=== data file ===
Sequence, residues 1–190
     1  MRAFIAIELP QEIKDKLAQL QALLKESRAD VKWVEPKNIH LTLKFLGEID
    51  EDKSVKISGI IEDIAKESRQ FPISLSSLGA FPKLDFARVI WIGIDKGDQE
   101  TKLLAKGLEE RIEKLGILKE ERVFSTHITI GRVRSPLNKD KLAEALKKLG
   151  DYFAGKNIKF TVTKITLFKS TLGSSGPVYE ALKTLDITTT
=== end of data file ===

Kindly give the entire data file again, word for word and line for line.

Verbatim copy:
Sequence, residues 1–190
     1  MRAFIAIELP QEIKDKLAQL QALLKESRAD VKWVEPKNIH LTLKFLGEID
    51  EDKSVKISGI IEDIAKESRQ FPISLSSLGA FPKLDFARVI WIGIDKGDQE
   101  TKLLAKGLEE RIEKLGILKE ERVFSTHITI GRVRSPLNKD KLAEALKKLG
   151  DYFAGKNIKF TVTKITLFKS TLGSSGPVYE ALKTLDITTT